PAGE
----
Teaching Partners and Family How to Support ... - WordPress.com

Teaching Partners and Family How to Support ... - WordPress.com

Teaching Partners and Family How to Support Breastfeeding Janelle Durham, MSW, LCCE [email protected] Previously In a separate presentation, I address everything we know from the research about: How partners and grandmothers (plus other family, friends, co-worker) influence parents about whether to initiate breastfeeding and how long to nurse. Quick re-cap: The presence of a partner / father increases chance she will initiate BF. But if he then gets very involved in day-to-day baby care, her BF duration can actually go down because he ends up taking over some of the feeds. (Unless we specifically teach him how to support her in a way that supports breastfeeding!! Research shows we can absolutely increase initiation and duration by educating partners.) Having an involved grandma sadly reduces the duration of breastfeeding, and can reduce initiation, especially if grandma didnt breastfeed herself. (Again, unless we educate

grandma about current practices, benefits of breastfeeding, and how to support the parents in a way that promotes breastfeeding. Research shows we can absolutely increase initiation and duration by educating grandparents.) Read more at https://transitiontoparenthood.wordpress.com/2016/05/12/family-support-for-bf/ A New Model of Partner Support I will structure this presentation around a model presented by Sherriff, et al in Engaging and supporting fathers to promote breast feeding: A concept analysis, Midwifery, 2014 at www.midwiferyjournal.com/article/S0266-6138(13)00219-2/fulltext Used a literature review and focus groups to develop this model 5 defining characteristics of effective support; Each has antecedents things the family member needs before they can provide effective support and outcomes benefits for the BF relationship

Antecedents are our action items, outcomes are our motivation Specific Suggestions Around the scaffolding of Sherriffs conceptual model, I will include lots of concrete ideas for how we as perinatal professionals can help partners and family members provide effective support. My sources for these ideas include: Journal articles, as cited Breastfeeding parents and their partners Perinatal professionals (lactation consultants, doulas, and many more) My own experiences, personal and professional Antecedents:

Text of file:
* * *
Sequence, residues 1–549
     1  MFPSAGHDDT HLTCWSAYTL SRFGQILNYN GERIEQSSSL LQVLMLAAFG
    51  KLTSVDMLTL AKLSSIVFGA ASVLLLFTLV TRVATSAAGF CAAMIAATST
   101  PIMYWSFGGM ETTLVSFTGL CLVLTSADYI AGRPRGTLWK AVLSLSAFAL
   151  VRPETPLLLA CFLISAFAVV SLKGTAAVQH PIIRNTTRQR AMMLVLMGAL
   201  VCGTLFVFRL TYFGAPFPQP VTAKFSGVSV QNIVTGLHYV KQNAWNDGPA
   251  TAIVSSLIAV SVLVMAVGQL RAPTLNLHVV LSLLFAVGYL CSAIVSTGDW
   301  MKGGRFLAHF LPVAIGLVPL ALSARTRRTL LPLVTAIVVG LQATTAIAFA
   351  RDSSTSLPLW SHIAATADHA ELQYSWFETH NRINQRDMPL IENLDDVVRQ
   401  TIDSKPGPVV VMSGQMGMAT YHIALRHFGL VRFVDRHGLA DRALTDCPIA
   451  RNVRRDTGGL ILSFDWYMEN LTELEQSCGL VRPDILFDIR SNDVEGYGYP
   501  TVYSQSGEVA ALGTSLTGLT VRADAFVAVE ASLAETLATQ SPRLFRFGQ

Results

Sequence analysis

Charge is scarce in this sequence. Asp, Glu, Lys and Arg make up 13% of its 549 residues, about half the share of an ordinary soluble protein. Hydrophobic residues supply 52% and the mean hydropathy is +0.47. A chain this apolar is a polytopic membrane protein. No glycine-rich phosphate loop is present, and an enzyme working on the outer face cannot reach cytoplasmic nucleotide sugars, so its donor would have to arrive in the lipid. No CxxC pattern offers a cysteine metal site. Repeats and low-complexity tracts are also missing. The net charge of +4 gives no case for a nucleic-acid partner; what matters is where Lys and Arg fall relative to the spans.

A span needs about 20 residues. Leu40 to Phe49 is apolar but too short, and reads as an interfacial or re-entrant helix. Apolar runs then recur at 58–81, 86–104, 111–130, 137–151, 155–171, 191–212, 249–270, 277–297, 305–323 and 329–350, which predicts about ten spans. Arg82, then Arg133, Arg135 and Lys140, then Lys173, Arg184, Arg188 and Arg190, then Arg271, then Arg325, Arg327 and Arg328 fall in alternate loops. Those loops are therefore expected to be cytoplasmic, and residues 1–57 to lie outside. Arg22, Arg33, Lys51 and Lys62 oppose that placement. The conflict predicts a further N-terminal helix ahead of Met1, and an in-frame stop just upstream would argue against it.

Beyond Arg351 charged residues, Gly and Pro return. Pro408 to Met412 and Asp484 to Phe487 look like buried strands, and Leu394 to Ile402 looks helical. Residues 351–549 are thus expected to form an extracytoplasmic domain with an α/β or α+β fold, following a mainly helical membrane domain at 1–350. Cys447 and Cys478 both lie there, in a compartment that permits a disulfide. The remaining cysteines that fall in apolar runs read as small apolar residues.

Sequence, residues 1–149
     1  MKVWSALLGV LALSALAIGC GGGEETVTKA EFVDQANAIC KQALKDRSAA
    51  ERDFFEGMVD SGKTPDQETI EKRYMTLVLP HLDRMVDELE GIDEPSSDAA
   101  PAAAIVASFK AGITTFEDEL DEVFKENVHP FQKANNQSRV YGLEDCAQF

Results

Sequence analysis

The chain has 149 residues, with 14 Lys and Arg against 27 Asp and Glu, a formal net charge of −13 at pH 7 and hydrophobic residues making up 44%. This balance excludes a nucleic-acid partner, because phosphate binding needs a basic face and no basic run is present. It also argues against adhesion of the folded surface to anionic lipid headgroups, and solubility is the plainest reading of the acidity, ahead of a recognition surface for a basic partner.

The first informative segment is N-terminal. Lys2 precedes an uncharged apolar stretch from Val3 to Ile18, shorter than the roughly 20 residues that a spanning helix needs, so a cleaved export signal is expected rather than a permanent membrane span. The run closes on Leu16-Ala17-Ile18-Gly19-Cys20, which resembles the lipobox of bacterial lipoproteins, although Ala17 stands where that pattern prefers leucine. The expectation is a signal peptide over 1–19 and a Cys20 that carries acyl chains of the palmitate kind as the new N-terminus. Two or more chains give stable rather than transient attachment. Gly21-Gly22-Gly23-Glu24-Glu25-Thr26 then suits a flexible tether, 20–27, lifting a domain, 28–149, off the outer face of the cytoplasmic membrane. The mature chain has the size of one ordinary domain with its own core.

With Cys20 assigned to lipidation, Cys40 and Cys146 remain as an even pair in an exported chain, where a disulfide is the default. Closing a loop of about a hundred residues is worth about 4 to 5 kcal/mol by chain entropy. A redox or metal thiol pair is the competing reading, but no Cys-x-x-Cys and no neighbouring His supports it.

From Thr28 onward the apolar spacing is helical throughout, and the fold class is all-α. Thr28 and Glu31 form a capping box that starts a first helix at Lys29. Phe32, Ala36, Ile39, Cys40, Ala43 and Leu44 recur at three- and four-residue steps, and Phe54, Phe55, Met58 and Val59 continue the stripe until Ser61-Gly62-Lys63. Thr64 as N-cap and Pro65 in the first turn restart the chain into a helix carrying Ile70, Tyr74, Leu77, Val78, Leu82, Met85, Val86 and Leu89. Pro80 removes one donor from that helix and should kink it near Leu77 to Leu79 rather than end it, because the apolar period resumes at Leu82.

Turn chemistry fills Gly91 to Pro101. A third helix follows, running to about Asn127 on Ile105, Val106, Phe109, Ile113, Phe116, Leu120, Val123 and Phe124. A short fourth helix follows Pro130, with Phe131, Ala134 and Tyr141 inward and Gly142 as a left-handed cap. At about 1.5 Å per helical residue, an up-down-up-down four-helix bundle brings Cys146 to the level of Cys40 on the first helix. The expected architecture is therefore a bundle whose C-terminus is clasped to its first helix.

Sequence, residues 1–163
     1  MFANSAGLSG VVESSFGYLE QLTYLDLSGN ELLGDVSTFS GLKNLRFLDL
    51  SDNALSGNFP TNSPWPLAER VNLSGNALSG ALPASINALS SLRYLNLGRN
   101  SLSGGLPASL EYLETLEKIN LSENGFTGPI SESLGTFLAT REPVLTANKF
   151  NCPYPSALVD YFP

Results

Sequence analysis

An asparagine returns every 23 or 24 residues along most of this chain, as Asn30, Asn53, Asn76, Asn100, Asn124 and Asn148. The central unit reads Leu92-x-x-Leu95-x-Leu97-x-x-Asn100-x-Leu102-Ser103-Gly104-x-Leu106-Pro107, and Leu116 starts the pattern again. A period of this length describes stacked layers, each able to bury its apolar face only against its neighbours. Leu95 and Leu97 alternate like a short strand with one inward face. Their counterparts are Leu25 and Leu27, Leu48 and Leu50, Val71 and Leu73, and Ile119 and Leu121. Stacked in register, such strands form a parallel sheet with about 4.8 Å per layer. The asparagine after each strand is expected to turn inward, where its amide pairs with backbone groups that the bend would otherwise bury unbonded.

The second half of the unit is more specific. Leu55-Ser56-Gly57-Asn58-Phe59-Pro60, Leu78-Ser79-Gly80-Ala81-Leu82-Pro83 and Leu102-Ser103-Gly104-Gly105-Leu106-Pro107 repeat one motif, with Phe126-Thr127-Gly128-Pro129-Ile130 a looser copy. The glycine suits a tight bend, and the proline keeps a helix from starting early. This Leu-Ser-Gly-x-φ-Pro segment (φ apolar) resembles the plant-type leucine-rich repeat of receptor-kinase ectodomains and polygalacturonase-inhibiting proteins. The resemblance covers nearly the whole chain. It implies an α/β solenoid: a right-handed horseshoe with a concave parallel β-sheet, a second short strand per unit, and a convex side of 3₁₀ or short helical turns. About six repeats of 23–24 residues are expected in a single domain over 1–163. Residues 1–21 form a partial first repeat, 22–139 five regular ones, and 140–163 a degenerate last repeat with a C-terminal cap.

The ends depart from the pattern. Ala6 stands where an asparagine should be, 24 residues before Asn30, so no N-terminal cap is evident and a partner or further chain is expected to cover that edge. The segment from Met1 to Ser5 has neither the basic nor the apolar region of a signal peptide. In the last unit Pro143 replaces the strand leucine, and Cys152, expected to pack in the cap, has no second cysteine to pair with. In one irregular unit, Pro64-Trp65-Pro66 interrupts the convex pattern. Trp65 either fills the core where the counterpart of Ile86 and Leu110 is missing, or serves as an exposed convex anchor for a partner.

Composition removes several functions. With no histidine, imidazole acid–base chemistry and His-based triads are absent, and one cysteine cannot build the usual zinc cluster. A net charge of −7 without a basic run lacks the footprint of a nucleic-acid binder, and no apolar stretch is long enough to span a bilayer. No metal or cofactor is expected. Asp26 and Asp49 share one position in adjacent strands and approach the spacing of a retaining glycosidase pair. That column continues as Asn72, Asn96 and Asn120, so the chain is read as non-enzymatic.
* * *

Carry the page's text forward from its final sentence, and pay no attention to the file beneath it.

Relevant info, targeted to them Consistent info, delivered to mom AND them Accessible delivery and opportunity to ask questions Families Need: Knowledge Outcomes Continued BF Increased knowledge of benefits / advocacy for BF

Decreased anxiety Increased ability to help w/ challenges Can be involved in discussions with HCP Perhaps a leaflet about breastfeeding aimed at fathers how they can support their partner. With photos of families and dads I wanted information on how to help my partner. There was nothing on that. Most of the information seemed to focus (Brown and Davies 2014)

on why breastfeeding was a good thing. There wasn't much on how to do it. I knew it was best but I wanted to know There was this poster how to support my wife with doing it. apparently trying to promote That information wasn't there. breastfeeding which told dads it was a good thing because The leaflets my wife got given they would get more sleep. It all said breast is best but they was awful not all dads are didn't say why. It was all a bit lazy and uninvolved which is basic. I wanted to know why so what I felt it was implying. I I knew why it was worth it!